A pinched nerve occurs when too much pressure is applied to a nerve by surrounding tissues — such as bones, cartilage, muscles or tendons. This pressure disrupts the nerve's function, causing pain, tingling, numbness or weakness.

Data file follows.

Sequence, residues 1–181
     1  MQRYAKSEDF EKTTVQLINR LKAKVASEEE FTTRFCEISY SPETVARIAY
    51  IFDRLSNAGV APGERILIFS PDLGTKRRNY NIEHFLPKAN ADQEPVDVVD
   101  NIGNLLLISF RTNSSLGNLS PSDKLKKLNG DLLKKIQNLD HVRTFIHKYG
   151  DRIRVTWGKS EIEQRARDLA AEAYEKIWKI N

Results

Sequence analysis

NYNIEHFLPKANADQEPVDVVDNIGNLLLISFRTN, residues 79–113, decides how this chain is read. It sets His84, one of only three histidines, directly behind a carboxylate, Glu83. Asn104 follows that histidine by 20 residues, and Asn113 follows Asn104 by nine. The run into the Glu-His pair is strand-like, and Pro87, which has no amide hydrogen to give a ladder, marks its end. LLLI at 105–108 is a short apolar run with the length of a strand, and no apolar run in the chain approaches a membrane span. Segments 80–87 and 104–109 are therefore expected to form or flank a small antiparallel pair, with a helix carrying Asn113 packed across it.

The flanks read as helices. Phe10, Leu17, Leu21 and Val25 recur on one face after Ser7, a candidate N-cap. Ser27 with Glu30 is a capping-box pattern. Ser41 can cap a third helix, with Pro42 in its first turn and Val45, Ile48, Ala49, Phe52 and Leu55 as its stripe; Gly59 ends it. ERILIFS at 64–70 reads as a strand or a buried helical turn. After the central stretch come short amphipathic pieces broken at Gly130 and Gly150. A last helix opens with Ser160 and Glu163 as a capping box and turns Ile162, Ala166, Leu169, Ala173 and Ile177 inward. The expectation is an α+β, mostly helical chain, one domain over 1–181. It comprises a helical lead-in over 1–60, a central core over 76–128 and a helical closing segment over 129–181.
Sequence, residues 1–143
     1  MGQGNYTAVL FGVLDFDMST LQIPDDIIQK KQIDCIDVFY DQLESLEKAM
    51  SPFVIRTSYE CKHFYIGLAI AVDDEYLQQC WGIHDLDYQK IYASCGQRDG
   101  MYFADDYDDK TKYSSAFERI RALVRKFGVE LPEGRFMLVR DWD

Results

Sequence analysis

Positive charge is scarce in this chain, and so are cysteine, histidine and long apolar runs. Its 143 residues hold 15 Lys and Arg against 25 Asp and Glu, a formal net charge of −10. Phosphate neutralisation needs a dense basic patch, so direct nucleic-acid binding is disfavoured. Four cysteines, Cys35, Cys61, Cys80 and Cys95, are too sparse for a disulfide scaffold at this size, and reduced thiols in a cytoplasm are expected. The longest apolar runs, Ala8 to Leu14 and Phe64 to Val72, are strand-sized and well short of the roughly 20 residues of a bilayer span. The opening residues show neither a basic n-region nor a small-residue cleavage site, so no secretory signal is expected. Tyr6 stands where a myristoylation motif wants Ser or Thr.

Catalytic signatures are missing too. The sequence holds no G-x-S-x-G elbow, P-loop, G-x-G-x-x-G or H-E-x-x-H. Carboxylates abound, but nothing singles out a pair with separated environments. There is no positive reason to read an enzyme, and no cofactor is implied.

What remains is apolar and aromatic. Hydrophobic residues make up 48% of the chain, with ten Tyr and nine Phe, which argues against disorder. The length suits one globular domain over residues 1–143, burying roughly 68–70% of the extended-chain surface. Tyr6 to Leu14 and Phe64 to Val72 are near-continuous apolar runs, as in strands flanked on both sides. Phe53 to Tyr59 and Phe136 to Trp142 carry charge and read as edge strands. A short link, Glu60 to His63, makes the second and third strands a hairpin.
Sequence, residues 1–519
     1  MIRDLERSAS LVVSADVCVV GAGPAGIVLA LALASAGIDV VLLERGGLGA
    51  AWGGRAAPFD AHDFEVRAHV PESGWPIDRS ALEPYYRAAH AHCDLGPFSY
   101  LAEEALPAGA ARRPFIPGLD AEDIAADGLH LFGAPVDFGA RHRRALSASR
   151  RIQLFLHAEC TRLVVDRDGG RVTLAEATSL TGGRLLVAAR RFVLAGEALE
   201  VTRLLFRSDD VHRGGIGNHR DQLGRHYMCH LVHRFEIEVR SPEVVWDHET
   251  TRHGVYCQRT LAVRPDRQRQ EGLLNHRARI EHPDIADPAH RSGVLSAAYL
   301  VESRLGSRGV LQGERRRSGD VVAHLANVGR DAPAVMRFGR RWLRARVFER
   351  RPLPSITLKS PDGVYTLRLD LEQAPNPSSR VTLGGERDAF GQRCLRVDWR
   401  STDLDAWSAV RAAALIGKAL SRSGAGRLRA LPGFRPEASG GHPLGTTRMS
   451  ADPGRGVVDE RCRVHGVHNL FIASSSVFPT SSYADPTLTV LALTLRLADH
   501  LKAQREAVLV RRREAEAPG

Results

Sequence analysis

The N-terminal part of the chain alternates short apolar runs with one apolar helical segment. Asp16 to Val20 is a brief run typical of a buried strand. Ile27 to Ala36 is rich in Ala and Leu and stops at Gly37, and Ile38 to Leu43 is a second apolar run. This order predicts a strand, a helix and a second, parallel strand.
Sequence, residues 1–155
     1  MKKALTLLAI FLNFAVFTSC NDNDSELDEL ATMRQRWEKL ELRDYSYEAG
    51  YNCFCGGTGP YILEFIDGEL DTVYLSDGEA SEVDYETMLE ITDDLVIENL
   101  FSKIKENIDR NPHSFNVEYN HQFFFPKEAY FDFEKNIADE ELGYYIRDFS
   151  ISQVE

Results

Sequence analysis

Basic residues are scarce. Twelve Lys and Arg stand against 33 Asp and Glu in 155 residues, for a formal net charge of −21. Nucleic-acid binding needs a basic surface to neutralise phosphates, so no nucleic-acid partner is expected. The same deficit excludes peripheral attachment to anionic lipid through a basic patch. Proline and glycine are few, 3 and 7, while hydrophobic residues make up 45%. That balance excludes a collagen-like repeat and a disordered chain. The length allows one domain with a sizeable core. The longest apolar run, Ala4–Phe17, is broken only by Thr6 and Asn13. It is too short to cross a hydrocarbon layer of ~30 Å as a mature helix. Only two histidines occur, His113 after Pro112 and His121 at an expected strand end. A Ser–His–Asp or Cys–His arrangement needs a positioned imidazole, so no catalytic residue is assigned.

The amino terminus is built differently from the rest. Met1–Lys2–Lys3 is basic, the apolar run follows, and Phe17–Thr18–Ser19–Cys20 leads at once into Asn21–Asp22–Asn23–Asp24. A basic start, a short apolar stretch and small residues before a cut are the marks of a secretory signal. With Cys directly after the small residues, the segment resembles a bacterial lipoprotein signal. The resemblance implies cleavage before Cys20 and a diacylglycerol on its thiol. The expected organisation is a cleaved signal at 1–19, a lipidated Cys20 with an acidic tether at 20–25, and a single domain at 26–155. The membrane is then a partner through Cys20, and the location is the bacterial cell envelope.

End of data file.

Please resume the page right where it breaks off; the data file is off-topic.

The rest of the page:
A pinched nerve can occur anywhere in your body. A herniated disk in your lower spine, for example, may put pressure on a nerve root, causing pain that radiates down the back of your leg (sciatica). Likewise, a pinched nerve in your wrist can lead to pain and numbness in your hand and fingers (carpal tunnel syndrome).